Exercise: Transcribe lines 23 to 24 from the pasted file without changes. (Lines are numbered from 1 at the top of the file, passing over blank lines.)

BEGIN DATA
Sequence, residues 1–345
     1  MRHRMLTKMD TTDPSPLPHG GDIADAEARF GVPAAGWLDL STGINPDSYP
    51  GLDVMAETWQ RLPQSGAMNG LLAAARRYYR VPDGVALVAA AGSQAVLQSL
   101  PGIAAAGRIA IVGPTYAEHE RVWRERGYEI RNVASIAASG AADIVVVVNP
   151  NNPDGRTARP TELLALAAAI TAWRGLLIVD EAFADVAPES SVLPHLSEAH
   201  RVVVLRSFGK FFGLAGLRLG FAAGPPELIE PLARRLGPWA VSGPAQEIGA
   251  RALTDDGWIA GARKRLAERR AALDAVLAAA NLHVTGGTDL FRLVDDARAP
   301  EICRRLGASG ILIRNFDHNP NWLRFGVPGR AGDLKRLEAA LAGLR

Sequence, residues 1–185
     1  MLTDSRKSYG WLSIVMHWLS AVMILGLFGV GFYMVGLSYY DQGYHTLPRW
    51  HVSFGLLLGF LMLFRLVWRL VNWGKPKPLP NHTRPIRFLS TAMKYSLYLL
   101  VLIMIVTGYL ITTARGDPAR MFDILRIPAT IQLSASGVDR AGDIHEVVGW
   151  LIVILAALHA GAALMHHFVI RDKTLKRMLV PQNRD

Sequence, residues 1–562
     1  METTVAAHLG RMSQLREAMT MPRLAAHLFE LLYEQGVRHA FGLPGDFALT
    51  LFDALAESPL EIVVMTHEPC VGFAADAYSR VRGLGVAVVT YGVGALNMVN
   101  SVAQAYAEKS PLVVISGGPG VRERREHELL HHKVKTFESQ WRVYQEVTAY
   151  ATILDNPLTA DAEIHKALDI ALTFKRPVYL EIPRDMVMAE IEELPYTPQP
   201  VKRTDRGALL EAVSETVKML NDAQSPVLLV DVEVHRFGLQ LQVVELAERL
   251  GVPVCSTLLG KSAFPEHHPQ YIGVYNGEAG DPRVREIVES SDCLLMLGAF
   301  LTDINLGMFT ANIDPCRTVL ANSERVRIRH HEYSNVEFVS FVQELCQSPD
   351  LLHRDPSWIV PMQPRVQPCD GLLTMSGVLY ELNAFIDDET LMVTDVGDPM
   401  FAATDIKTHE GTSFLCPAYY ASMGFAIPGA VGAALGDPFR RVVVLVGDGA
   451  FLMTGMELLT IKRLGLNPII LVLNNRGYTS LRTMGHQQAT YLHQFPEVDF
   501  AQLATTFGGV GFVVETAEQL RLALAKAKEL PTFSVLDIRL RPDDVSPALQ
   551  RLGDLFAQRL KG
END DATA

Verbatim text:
   401  FAATDIKTHE GTSFLCPAYY ASMGFAIPGA VGAALGDPFR RVVVLVGDGA
   451  FLMTGMELLT IKRLGLNPII LVLNNRGYTS LRTMGHQQAT YLHQFPEVDF